As of Tuesday, May 15 just after noontime, WS Development has completely withdrawn all applications for construction with the Town of Hudson. In a letter dated May 15, from Edward Vydra, WS Development Associates in a follow up to a discussion with John Cashell, Town Planner, W.S. Development Associates no longer has interest in developing the Green Meadow property on River Road in Hudson.
“Word today officially withdraws W.S. Development as they are now planning to partner with another developer in Nashua rather than Hudson on the Grace Chemical Property,” said Cashell. The Massachusetts developer, Packard Development a division of New England Development and W.S. Development have engaged in a joint venture to create a lifestyle center at the Grace location on D.W. Highway in Nashua.
The Grace Property, directly across the river from Green Meadow, slated to be a Lifestyle Center on a denser scale is their new focus. “In a nutshell, the retail business is time sensitive. It has a short planning horizon, and we could not guarantee a reasonable schedule for our customers,” said Vydra about the change in venue. “W.S. and the Friels have spent a lot of time, energy and money on this; there should be a master plan for the Green Meadow property. It is a terrific piece of property in a great location,” he went on to say.
Jay Leonard, representing the Friels, agreed and said, “We definitely will continue to develop the property in a beneficial way to everyone.” They plan to present their proposals and ideas to the town on May 23 at the scheduled Planning Board meeting in Hudson.
“This land is a very important asset to Hudson and we are interested in a responsible way to make something good come out of this. W.S. and the Friels have spent millions of dollars on this. The important thing to realize is that roads are the destination, and exit 2 is already a destination to Green Meadow,” stated Leonard.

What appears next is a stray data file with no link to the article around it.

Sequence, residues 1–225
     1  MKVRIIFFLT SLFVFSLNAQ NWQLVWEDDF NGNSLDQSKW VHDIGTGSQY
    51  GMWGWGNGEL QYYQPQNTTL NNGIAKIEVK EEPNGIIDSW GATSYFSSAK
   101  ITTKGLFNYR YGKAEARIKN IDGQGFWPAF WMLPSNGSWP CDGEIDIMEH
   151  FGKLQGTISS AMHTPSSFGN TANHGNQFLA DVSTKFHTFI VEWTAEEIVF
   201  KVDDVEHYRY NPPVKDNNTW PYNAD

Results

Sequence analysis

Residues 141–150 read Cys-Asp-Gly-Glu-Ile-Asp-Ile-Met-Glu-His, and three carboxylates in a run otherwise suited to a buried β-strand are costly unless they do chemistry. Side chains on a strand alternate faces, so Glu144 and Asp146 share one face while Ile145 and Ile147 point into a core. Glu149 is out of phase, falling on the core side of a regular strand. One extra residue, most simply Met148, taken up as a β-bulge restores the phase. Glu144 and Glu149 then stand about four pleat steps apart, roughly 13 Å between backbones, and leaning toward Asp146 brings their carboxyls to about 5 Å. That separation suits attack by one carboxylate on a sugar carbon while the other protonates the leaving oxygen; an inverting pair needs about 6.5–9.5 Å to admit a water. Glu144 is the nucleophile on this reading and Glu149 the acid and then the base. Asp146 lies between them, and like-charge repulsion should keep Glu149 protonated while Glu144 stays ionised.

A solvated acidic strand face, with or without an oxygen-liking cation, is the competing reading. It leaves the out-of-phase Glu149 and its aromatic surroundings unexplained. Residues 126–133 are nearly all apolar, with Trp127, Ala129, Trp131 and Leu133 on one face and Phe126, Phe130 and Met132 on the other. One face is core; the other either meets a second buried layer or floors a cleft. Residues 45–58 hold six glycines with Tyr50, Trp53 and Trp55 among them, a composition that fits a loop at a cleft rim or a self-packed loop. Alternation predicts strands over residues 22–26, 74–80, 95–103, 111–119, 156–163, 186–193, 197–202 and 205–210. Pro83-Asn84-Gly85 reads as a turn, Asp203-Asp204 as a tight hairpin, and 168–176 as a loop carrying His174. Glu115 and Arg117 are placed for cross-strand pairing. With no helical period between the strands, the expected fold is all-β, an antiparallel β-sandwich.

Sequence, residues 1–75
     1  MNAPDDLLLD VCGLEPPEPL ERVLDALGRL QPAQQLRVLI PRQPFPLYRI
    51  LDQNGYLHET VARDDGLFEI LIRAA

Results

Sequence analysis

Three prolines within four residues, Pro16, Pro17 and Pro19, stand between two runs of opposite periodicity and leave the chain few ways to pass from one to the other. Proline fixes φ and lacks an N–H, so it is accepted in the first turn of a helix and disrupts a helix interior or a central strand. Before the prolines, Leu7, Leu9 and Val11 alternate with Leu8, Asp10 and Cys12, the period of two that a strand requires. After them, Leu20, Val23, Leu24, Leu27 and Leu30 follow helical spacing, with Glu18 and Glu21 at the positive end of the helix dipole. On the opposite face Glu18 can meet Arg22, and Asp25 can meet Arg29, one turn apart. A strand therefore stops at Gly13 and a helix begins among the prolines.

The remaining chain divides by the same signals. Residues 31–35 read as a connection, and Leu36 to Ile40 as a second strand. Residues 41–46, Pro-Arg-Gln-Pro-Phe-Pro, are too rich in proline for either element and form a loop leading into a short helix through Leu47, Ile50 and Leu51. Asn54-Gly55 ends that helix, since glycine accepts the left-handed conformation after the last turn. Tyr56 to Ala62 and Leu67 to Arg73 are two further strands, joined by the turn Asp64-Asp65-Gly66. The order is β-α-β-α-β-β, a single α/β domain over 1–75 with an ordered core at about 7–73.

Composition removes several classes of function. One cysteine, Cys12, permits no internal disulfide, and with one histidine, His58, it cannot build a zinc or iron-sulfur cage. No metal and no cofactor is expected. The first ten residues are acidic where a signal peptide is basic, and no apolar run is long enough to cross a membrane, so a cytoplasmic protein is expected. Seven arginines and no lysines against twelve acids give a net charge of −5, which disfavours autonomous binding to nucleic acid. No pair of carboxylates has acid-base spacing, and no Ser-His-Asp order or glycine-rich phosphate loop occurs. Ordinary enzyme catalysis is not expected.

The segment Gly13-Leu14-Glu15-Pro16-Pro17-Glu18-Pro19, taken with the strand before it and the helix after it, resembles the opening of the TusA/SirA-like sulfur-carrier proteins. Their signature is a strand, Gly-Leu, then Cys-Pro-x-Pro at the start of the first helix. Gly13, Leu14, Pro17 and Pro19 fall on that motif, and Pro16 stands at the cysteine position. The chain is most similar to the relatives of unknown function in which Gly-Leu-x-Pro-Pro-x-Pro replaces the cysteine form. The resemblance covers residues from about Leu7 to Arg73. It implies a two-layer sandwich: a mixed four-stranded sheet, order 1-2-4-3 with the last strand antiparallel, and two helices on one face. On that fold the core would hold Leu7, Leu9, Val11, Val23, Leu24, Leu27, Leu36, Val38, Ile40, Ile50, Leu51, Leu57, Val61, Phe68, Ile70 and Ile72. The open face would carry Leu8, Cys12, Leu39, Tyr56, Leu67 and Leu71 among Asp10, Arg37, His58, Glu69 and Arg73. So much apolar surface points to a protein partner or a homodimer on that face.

Both Leonard and Vydra presented positive energy about the significant change in plans. “We want to leave on an upbeat note,” said Vydra. “We are pleased to have been received so warmly here in Hudson by so many groups like the Lions Club, the Seniors, all the Boards, and Community Development. Our core message here is that this is ‘time sensitive’.”
Leonard’s message was, “The property will still be developed; we are looking at a lot of the same things. Our focus will be on the roads and the importance of the bridge.”
The Green Meadow project known also as RiverPlace, has been on the top list of hot topics in Hudson and the region for over a year now. Some opposition was raised by a small group led by Ron Peters, who raised traffic concerns and quality of life issues with an increase in traffic.
Peters did not know about the decision when reached for comment on Wednesday. “Hudson Grass Roots efforts and their ‘chutzpa’ paid off. All the letters and emails to the State, DOT, NRPC, and the EPA, along with Letters to the Editor really worked,” said Peters. “I am almost speechless; there is a God and he is smiling on us!” The Friels will be attending the May 23 Planning Board meeting and so will “all my followers,” said the Hudson Realtor.